BOSTON (CBS) — “Star Wars: The Force Awakens,” the J.J. Abrams-helmed first step into Disney’s reboot of the “Star Wars” franchise, hits theaters nationwide on Friday. The first reviews began trickling in Wednesday morning, and the response from critics has been overwhelmingly positive.

Ratings aggregator Rotten Tomatoes  gave “The Force Awakens” a 97% rating, based on 105 reviews. Many had praise for the film’s young new stars (Daisy Ridley, John Boyega, Adam Driver, Oscar Isaac) as well as old ones (Harrison Ford, Carrie Fisher, Mark Hamill)–and nearly everybody snuck in a dig about “Star Wars” creator George Lucas’s lamentable 1999-2005 prequel trilogy. Here’s a look at what critics have been saying so far.

Related: Keller @ Large: Sharing Star Wars Mania

RETURN TO FORM

Manohla Dargis wrote in The New York Times that director Abrams had “returned to basics, largely by dispensing with a lot of clutter.”

“Mr. Abrams may be as worshipful as any “Star Wars” obsessive, but in “The Force Awakens” he’s made a movie that goes for old-fashioned escapism even as it presents a futuristic vision of a pluralistic world that his audience already lives in. He hasn’t made a film only for true believers; he has made a film for everyone (well, almost).”

The Hollywood Reporter’s Todd McCarthy called the film “the best Star Wars anything — film, TV show, video game, spinoff, what-have-you — in at least 32 years.”

“As before, monumental battles enacted by enormous, obliteration-capable forces are paralleled by intimate mano-a-mano duels to the death; in this case, the climactic example of the latter is very effective and emotional, something every Star Wars fan of good standing will find entirely compelling.”

PRAISE FOR CAST

USA Today’s Brian Truitt was wowed by Daisy Ridley’s Rey, a lonely scavanger who lives on the planet Jakku.

“Ridley brings a lot of pathos to Rey while also giving her a strong sense of naivete at first, which plays into her being the Luke of this new trilogy,” he writes, adding that “By the end of the movie, pretty much everybody is going to want a Rey action figure, guaranteed.”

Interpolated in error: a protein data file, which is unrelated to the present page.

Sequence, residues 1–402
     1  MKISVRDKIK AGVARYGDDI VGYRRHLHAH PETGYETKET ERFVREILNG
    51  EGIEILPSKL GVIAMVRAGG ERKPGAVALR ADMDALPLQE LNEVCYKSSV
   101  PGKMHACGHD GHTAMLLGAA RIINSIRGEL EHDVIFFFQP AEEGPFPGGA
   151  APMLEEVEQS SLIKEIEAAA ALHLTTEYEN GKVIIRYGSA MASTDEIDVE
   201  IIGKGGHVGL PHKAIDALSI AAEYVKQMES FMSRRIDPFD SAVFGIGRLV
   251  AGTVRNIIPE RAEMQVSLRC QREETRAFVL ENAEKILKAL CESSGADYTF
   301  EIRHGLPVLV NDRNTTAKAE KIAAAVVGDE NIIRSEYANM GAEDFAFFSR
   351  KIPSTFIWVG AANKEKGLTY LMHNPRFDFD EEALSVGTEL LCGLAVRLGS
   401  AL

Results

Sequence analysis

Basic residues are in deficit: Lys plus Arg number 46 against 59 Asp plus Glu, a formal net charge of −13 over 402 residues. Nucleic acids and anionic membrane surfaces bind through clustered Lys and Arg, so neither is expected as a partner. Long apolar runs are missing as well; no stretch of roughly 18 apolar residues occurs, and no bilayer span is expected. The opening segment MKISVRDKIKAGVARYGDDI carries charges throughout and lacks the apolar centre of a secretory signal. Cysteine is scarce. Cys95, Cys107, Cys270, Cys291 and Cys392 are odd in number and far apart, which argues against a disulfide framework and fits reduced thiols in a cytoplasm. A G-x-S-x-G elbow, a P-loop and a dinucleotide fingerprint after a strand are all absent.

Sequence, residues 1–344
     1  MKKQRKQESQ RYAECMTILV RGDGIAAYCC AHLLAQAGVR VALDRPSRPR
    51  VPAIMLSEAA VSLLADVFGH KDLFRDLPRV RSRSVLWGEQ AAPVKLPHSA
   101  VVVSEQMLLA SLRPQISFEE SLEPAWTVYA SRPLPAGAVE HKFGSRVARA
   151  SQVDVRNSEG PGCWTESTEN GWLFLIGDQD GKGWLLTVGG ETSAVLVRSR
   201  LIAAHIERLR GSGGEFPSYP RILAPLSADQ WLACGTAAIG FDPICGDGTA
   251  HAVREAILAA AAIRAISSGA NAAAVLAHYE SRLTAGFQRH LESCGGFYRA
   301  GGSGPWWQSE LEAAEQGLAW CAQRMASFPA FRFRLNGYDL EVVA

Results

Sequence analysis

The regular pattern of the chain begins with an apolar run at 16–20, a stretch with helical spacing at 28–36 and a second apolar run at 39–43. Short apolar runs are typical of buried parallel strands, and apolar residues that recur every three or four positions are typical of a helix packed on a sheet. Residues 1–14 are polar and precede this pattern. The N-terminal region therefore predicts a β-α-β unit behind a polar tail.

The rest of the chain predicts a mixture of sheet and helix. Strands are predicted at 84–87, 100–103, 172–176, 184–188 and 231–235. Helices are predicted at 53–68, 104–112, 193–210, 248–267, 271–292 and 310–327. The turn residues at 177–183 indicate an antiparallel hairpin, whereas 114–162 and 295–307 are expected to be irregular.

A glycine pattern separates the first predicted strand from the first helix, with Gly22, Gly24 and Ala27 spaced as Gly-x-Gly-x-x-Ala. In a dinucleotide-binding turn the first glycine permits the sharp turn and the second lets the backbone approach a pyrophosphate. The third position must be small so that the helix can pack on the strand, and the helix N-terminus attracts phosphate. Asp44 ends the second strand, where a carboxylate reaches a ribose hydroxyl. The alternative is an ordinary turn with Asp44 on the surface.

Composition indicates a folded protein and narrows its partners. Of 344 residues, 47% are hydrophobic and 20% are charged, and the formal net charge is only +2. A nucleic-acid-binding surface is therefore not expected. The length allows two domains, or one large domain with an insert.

The Washington Post’s Ann Hornady wrote that Abrams had gathered a cast audiences will look forward to rooting for in the next two films of the sequel trilogy.

“Oscar Isaac brings just the right amount of cocksure street smarts to his role as Poe Dameron, and Adam Driver is similarly right-on as a shadowy, somewhat simian figure named Kylo Ren,” wrote Hornady, adding that “As often as not, the funniest lines belong to Boyega.”

The Boston Globe’s Ty Burr writes that the movie succeeds because its director knows how to use the best character elements from the original trilogy to tell a “Star Wars”-worthy story–including the swagger of Harrison Ford’s Han Solo.

“He’s wonderful, and the scenes between Han and his long-suffering copilot Chewbacca (Peter Mayhew, under the throw rug), have exactly the rancorous warmth we remember,” Burr writes.

The Millennium Falcon. (Photo credit - Disney/Lucasfilm)

The Millennium Falcon. (Photo credit – Disney/Lucasfilm)

Listen: Rich Shertenlieb’s Spoiler-Free Review Of ‘Star Wars: The Force Awakens’

TOO FAITHFUL TO ORIGINALS?

Not everyone was gushing with praise for the seventh “Star Wars” installment. While many praised the film’s similarity to the original movies, Salon’s Andrew O’Hehir said it was “more like a remake or a mashup of the first two “Star Wars” pictures than a sequel.”

“This is the work of a talented mimic or ventriloquist who can just about cover for the fact that he has nothing much to say,” wrote O’Hehir. “He has made an adoring copy of “Star Wars,” seeking to correct its perceived flaws, without understanding that nothing about that movie’s context or meaning or enormous cultural impact can be duplicated.”

Variety’s Justin Chang echoed that sentiment, pointing out several plot points that he thought felt were just recycled from 1977’s “Star Wars.”

“At a certain point, however, “The Force Awakens” feels so determined to fashion a contemporary echo of the original trilogy that it becomes almost too reverential — or riff-erential, given Abrams’ fondness for playing on recognizable tropes, themes and plot points in his film and TV work,” Chang wrote.

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